TransCanada's 'Energy East Pipeline Project' opens up valuable market
opportunities for Western Canada's 'oil patch' - both at home & abroad
WTI oil prices climb back to world levels in July, lifting prices in
China introduces 'mini-stimulus package' to bolster its economy
TORONTO, July 30, 2013 /CNW/ - After rallying in May, Scotiabank's
Commodity Price Index fell by 4.1% month-over-month (m/m) in June - the
sharpest decline since late 2012.
"The Index will be underpinned in July by a return to stronger oil
prices in Western Canada and the beginning of another upswing in lumber
and oriented strandboard (OSB) prices, after a sharp, seasonal
inventory correction," said Patricia Mohr, Scotiabank's Vice President
of Economics and Commodity Market Specialist. "The All Items Index
remains 1.7% above a year earlier, with Oil & Gas up +17.8%, Forest
Products +1.5% and Agriculture +0.1% just offsetting a -13.6% decline
in Metals & Minerals."
Highlights in the report include:
The advantages of TransCanada's proposed 'Energy East Pipeline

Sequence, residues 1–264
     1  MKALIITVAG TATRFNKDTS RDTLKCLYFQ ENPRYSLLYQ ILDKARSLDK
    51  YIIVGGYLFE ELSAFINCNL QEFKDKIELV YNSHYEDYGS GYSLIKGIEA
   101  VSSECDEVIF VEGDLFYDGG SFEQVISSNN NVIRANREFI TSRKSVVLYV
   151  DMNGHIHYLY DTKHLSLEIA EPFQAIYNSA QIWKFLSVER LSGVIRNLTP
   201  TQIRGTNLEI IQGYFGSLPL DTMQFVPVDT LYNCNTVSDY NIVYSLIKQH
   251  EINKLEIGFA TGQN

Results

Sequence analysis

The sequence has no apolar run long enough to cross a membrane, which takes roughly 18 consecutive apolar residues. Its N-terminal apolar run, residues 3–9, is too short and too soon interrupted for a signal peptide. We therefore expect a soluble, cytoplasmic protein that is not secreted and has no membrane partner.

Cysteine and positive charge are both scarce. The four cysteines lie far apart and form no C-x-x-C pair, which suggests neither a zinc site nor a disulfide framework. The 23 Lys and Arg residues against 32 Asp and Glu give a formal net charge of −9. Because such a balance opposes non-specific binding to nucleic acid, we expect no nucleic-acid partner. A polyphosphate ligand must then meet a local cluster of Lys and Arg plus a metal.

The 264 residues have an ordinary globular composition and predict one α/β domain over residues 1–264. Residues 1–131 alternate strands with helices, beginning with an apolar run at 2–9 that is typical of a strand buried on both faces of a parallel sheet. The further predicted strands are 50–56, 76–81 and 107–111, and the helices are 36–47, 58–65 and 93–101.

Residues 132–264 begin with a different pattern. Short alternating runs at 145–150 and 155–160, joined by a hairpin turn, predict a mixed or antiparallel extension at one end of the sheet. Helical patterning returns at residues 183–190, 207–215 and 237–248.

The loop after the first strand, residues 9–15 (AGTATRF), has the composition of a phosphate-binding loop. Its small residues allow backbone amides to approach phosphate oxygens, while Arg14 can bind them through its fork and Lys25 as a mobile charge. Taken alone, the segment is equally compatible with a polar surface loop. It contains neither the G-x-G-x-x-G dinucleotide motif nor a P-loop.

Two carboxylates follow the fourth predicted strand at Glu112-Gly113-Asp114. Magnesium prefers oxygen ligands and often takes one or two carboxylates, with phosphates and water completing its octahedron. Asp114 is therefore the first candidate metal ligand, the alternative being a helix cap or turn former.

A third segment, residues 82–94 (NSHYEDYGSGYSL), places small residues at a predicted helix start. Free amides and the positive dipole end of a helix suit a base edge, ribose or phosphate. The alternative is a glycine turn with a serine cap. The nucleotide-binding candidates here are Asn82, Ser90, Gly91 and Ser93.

Project': access to less expensive and more secure domestic crude oil,
allowing displacement of imports in Quebec and Atlantic Canada;
improved financial viability of current refineries as well as the
potential for valuable new export outlets for Western Canadian oil - to
Europe and, most interestingly, to India. Refiners in India have shown
interest in Alberta bitumen.
After trading well below Brent in late 2012 (-US$21.90 per barrel) and
early 2013 (-US$18.27), West Texas Intermediate (WTI) oil
prices surged to US$108.05 on July 19, reaching virtual parity with
Brent - the international benchmark. This points to stronger prices for
Western Canadian Select (WCS) heavy and light oil in Western Canada and
improved financial results for producers.
China's State Council announced a 'mini-stimulus package,' scrapping
taxes on small businesses, reducing administrative costs for exporting
companies and creating new financing vehicles for private-sector
railway investment (bonds).
Read the full Scotiabank Commodity Price Index at http://www.scotiabank.com/ca/en/0,,3112,00.html.
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For further information:
Patricia Mohr, Scotiabank Economics, (416) 866-4210, firstname.lastname@example.org; or
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